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Title: Energy efficiency contours for wireless networks
Author: Akbari, Amir
ISNI:       0000 0004 2716 1621
Awarding Body: University of Surrey
Current Institution: University of Surrey
Date of Award: 2012
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The continuous increase in the energy consumption of wireless networks has led to extensive research and development into “green communications”. Towards this objective, this thesis aims at introducing a novel technique for maximizing the energy efficiency of wireless networks both in the uplink and downlink channels, whilst satisfying other system targets such as rate-fairness and quality of service. More specifically, this thesis focuses on: 1) evaluating the energy efficiency of the uplink channel and locating the optimal operating points based on different optimality measures using average energy efficiency contours, 2) obtaining energy efficiency contours for the downlink channel and highlighting the fundamental difference between energy-efficient design in the uplink and downlink channels, 3) investigating the weighted average energy efficiency of the uplink channel, where users are prioritized based on different criteria such as channel gain and available battery, 4) employing a realistic linear power model in the downlink channel to define the total power consumed at the base station, encompassing circuit and processing power, amplifier efficiency and transmit power, 5) highlighting the trade-off between energy efficiency and spectral efficiency using energy efficiency contours. Our results show that in the case of the uplink channel, maximum energy efficiency is achieved by allowing all users within one cell to transmit by employing a successive interference cancellation receiver. Additionally, allocating higher weights to the users with stronger channel gains sacrifices the rate-fairness but also significantly improves the energy efficiency of the system. In the case of the downlink channel, maximum energy efficiency is achieved by only transmitting to the user with the higher channel gain, by employing superposition coding. By increasing the number of active users in the system, the network energy efficiency increases. On the other hand, increasing the cell radius decreases the system energy efficiency.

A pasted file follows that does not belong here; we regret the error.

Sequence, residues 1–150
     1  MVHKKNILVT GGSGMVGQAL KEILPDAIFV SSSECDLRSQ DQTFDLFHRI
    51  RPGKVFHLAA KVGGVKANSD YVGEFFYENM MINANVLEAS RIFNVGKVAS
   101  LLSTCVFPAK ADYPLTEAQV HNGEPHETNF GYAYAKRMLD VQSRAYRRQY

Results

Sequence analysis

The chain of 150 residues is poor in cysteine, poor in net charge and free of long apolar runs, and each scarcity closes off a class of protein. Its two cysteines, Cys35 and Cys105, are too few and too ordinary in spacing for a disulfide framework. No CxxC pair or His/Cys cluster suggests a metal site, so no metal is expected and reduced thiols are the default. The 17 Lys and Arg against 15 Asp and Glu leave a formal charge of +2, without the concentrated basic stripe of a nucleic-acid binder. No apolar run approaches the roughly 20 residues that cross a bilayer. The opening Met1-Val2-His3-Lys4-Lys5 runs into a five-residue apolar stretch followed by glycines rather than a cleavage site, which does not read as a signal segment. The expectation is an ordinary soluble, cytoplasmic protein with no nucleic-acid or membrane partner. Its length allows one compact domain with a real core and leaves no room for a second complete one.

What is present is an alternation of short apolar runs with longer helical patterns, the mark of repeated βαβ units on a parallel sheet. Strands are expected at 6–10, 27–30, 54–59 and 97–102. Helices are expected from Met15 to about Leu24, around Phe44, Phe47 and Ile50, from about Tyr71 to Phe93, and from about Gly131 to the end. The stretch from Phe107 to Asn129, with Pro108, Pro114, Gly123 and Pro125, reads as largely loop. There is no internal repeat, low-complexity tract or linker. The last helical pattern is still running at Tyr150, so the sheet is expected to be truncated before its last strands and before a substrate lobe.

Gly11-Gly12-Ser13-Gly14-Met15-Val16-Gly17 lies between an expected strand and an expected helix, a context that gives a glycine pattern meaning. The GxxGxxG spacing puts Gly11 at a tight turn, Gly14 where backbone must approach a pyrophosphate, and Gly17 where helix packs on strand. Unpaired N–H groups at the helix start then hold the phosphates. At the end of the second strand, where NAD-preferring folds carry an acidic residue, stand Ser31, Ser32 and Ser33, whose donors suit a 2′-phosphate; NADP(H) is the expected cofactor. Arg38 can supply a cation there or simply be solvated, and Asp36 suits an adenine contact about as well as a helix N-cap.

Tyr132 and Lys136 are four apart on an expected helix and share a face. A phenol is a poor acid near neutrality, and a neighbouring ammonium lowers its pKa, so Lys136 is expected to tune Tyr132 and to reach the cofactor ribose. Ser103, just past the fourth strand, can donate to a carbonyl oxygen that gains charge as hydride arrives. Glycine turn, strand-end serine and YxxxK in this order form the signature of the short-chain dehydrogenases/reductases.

Supervisor: Not available Sponsor: Not available
Qualification Name: Thesis (Ph.D.) Qualification Level: Doctoral
EThOS ID:  DOI: Not available